Water is the New Fire

March 2019

Water is the new fire when it comes to protecting condo communities and infrastructure.  Measures intended to minimize flood damage and deal with long-term power outages have become a priority.

This comes as no surprise.  Canadian insurers have paid out more than $1 billion for claims related to natural disasters, including hurricanes and flooding, in eight of the past nine years.  The annual average over the prior 25 years ranged from $200 to $500 million.  Canada experienced some of the greatest single-year weather-related losses in 2017.  The general consensus is that flooding in the coming years will greatly exceed anything seen thus far.

Condo community building codes and planning, based on the greater likelihood of fire and focused on evacuation, are outdated.  The greater likelihood is that residents will need to remain in their home rather than evacuate during an emergency.

Condo communities are generally asleep when it comes to these preparations.  They tend to be complacent until problems are upon them at which time it is too late.  Condo communities can and should take measures today to ensure they are prepared for what we know is coming by focusing on measures allowing residents to remain in their home during emergencies.

When flood damage occurs, as with fire, restoration services are typically required to restore spaces to their original condition.  RespondPlus provides the necessary restoration services after a flooding incident.  They provide the following suggestions so that, when flooding occurs, problems are minimized.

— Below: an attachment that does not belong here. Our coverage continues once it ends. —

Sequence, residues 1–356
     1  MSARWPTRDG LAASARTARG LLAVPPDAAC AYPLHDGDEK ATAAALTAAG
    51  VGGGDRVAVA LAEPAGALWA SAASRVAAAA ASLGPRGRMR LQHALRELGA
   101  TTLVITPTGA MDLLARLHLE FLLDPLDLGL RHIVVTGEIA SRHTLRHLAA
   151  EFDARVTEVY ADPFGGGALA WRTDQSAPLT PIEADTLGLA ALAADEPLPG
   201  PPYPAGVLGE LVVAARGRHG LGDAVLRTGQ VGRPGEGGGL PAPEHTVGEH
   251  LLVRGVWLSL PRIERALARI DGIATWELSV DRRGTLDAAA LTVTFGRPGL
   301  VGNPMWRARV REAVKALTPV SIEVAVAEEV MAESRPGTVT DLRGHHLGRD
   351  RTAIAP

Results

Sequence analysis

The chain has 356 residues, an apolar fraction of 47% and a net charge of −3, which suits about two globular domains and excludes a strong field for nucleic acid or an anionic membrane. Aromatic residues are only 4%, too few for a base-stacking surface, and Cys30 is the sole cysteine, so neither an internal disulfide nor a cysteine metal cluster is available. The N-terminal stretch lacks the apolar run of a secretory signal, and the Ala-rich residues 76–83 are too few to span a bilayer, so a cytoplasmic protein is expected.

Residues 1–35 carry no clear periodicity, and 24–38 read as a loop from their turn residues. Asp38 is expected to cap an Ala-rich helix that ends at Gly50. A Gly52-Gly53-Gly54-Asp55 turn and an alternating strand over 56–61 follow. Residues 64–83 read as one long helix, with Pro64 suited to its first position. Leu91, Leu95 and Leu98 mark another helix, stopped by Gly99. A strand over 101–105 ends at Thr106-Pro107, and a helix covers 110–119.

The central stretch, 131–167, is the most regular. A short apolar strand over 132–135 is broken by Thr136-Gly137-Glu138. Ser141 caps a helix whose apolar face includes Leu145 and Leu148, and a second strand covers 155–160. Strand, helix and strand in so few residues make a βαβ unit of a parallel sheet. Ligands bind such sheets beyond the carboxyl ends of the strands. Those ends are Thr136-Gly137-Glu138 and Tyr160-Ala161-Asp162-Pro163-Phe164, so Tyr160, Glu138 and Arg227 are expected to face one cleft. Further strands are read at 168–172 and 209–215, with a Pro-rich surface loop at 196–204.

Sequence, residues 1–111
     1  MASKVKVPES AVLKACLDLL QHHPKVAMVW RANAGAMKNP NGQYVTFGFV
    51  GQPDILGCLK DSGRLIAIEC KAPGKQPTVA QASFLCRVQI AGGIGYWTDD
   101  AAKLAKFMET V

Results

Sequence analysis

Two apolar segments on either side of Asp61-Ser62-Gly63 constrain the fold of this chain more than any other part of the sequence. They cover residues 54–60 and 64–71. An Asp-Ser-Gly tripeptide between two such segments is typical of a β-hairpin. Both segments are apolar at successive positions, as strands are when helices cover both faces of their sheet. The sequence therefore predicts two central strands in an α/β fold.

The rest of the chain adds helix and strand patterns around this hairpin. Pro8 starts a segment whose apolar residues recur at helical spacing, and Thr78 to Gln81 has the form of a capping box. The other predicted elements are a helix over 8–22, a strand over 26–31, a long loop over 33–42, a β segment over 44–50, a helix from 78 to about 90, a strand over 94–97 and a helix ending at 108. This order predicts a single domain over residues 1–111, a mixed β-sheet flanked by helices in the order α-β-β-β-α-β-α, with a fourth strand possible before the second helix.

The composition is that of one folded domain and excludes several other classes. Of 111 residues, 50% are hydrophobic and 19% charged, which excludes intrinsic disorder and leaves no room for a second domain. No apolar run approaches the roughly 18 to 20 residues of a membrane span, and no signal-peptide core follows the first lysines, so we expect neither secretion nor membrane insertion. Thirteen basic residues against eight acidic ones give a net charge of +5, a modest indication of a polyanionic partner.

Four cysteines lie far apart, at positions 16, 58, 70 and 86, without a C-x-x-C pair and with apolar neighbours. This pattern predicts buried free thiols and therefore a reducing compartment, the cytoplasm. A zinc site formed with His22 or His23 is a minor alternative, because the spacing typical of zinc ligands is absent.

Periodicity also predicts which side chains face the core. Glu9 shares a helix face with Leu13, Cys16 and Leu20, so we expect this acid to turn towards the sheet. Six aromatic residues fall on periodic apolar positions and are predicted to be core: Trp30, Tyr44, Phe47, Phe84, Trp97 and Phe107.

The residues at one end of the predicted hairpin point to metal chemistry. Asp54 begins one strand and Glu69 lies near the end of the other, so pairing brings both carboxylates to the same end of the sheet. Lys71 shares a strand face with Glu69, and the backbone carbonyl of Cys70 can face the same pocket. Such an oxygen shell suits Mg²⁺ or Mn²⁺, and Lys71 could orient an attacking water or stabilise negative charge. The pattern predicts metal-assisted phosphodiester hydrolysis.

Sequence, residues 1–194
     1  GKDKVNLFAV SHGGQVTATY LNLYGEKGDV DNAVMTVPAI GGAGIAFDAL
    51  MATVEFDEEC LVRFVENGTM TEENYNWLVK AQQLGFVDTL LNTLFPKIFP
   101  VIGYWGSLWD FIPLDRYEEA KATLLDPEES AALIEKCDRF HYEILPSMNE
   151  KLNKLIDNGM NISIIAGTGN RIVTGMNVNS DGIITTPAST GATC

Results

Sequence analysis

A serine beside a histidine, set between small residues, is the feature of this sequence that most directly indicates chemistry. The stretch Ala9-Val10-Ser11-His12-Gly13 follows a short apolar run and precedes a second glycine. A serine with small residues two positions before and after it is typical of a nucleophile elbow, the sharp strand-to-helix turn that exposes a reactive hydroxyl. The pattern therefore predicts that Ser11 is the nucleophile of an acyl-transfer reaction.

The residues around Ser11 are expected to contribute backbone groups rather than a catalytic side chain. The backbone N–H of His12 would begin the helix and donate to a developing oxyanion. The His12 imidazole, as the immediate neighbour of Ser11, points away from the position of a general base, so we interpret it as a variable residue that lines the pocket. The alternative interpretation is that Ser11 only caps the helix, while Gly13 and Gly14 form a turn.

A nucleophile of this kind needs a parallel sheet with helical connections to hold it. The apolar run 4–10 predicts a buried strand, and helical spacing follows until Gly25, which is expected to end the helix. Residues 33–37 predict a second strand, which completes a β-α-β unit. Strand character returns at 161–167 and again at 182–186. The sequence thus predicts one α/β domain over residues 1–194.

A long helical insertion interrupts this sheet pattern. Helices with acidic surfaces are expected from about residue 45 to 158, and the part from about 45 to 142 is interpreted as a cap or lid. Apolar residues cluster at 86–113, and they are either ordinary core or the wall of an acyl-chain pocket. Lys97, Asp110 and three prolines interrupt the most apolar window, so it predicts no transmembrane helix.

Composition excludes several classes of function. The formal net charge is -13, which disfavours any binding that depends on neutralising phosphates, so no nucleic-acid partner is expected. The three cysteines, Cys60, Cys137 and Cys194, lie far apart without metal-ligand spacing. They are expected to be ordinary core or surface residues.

• Redesign downward slopes to the building so that water runs away from the building.
  • Improvements in the building envelope will make it easier for residents to remain indoors during emergencies. Locate electrical, heating and HVAC equipment above ground level to help keep building systems operational when large amounts of water flow to lower levels of the building.  Improve indoor airflow to better control internal temperature and air quality should HVAC systems fail.
  • Establish an area in the building for residents to congregate during an emergency. Choose a space connected to an emergency power source.  Stock the area with food, water and charging connections for mobile communication systems.  Encourage residents to make their way to this area any time power goes out or communication systems fail.
  • Maintain a list of residents likely in need of assistance if building systems fail for more than a few hours.